Jeannette Lynes’s work takes some bold emotional risks. Poetry, with its close attention to the moment and its resistance to narrative logic, can bring on insights into oneself that resemble a progress of therapy or spiritual quest; after all, it is no accident that poems (including ones found in this book) are often called meditations. Lynes’s "Edible Flowers: A Journey In Therapy," the final poem of the collection, resonates with many of the same concerns and unanswerable questions that have been addressed by the preceding poems, thus illustrating the overlap between processes of creativity and introspection, and offering evidence of courage in the writing.
Throughout the book Lynes’s contemplative voice is drawn to the domestic. She looks from a distance at the usual life of rural women, seeing them with a mix of amused superiority and envy of the way they live their lives securely within convention. The section "Taming Jello" offers a city girl’s bemused memories of 4H Club homemakers’ wisdom.
The character of a mother with a childlike tendency to question appears more than once, and from the cumulative effect of these intermittent meetings with mother and the manner in which they are presented to us, we are left with one of the strongest resonances of the book: a voice that longs to return home, but can’t. Even when Lynes’s work speaks in the voice of an independent woman reacting to Cuba, or to Bill Gates, or to her students, there is within each poem a longing for connection, for ties to people that cannot be broken. Her work asks, if we are all travelling on the same highway, why must we travel alone?
It’s been a while since I enjoyed a book of Canadian poetry as much as I did Bruce Taylor’s Facts. His work spoke to the intellectually demanding poet as well as the loaf-about human in me. First, I liked his unabashed use of strong, end-jammed rhyme. He gets away with it because it’s balanced by his carefully controlled, conversational tone and his philosophical content. The playfulness and sing-song rhythm of his rhyme lends a humour to pieces that offsets the weight of ego indulgence that (necessarily) accompanies lofty musings on life’s bigger questions. Throughout the book, the entire concept of "facts"—what is known and taken to be true—is questioned. The contemplation of a tomato honkworm’s alleged disgustingness opens into thoughts on failing at life, but Taylor deftly inverts the logic of the poem, giving us first the grand abstraction, then spiralling gracefully into the concrete detail. Taylor has a great knack for seeing the universal in the mundane.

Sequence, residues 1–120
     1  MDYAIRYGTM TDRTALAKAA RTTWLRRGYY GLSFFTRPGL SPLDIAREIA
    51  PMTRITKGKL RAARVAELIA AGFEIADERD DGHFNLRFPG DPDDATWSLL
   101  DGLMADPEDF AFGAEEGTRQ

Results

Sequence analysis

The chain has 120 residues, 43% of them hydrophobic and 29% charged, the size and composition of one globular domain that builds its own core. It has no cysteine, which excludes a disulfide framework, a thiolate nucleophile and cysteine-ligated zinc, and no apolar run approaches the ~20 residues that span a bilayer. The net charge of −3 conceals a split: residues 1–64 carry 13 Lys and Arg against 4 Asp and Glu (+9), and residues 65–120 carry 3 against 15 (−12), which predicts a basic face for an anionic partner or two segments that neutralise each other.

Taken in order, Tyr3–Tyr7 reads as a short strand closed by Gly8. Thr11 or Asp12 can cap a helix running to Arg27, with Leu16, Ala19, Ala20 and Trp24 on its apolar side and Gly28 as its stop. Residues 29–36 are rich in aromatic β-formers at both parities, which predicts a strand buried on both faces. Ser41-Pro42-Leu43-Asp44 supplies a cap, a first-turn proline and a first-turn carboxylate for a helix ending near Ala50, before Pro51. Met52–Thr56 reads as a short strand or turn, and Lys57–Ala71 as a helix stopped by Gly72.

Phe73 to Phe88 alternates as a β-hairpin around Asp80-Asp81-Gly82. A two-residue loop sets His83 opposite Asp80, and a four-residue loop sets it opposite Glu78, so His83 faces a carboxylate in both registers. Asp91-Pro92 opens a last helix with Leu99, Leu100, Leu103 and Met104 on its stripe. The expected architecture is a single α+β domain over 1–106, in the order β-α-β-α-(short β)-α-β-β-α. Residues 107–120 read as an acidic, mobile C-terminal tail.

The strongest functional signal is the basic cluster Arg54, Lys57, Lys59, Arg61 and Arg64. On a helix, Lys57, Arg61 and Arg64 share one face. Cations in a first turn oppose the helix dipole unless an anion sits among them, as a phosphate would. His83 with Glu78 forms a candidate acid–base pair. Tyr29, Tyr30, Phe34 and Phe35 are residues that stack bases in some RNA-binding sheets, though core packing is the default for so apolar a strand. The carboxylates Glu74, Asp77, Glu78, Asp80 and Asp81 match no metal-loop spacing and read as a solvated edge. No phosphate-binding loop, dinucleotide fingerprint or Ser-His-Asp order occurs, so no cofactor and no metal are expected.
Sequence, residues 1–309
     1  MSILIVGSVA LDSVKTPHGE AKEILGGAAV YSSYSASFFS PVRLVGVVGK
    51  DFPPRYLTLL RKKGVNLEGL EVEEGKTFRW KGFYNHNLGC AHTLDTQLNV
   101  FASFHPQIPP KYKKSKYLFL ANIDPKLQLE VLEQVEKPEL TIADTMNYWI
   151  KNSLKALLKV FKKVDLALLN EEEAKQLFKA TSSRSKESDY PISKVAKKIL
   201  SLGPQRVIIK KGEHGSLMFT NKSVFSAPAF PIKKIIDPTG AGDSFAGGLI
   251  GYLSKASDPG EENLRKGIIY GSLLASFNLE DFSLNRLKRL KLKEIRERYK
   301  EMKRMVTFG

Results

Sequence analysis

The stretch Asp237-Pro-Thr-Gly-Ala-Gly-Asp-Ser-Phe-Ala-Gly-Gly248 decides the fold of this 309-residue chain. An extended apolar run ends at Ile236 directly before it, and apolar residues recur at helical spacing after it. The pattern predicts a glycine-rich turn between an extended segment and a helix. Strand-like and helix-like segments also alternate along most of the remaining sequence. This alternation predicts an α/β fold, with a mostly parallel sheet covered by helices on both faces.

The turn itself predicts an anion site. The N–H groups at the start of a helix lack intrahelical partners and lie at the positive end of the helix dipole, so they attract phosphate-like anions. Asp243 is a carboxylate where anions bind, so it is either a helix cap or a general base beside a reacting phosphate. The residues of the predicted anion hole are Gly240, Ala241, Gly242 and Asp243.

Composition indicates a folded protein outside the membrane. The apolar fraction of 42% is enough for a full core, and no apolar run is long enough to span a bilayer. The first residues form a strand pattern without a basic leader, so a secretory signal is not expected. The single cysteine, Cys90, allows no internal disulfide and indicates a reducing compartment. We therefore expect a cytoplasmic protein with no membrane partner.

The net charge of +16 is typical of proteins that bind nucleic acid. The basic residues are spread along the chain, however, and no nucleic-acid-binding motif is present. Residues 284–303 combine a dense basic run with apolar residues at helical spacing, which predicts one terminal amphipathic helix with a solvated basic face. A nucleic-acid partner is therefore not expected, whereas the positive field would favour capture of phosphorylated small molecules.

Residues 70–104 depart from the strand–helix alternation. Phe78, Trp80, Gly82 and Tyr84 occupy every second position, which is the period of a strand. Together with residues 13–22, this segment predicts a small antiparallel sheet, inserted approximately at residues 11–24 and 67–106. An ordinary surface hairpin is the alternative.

To me Facts is a wonderful sightseeing trip with a pessimistic guide who expects to know, who demands to know, and if he can’t know, will invent—as in the very flexible reality of the title poem. There is a confidence, a directness and a pleasure in oneself in this voice that seemed to come from a place of (male?) entitlement. Taylor "pin[es] for the romance of a real Hell [. . .] not this half-baked hades of sameness." What is Taylor, some kind of spiritual existentialist? Definitely check out his crazy, precisely crafted blend of "God is dead" and "God is in the details."
- Loving and Leaving by Ian Rae
Books reviewed: Dove Legend by Richard Outram, The Lover's Progress by David Solway, and Leaving Holds Me Here: Selected Poems by Glen Sorestad
- Cadence, Country, Voice by Nicholas Bradley
Books reviewed: The Cadence of Civil Elegies by Robert Lecker
- Indirections by Stephen Guy-Bray
Books reviewed: Contra/Diction by Brett Josef Grubisic and Written in the Skin by rob mclennan
- Recollections by Iain Higgins
Books reviewed: The Centre: Poems 1970-2000 by Barry McKinnon, Mountain Tea by Peter Van Toorn, and Heresies: The Complete Poems of Anne Wilkinson 1924-61 by Dean J. Irvine and Anne Wilkinson
- In a Minor Key by Linda Lamont-Stewart
Books reviewed: Footnotes to the Book of Job by Elizabeth Brewster
MLA: L'Abbé, Sonnet. Zoom In, Zoom Out. canlit.ca. Canadian Literature, 8 Dec. 2011. Web. 24 May 2013.
This review originally appeared in Canadian Literature #176 (Spring 2003), Anne Carson. (pg. 127 - 128)
***Please note that the articles and reviews from the Canadian Literature website (www.canlit.ca) may not be the final versions as they are printed in the journal, as additional editing sometimes takes place between the two versions. If you are quoting from the website, please indicate the date accessed when citing the web version of reviews and articles.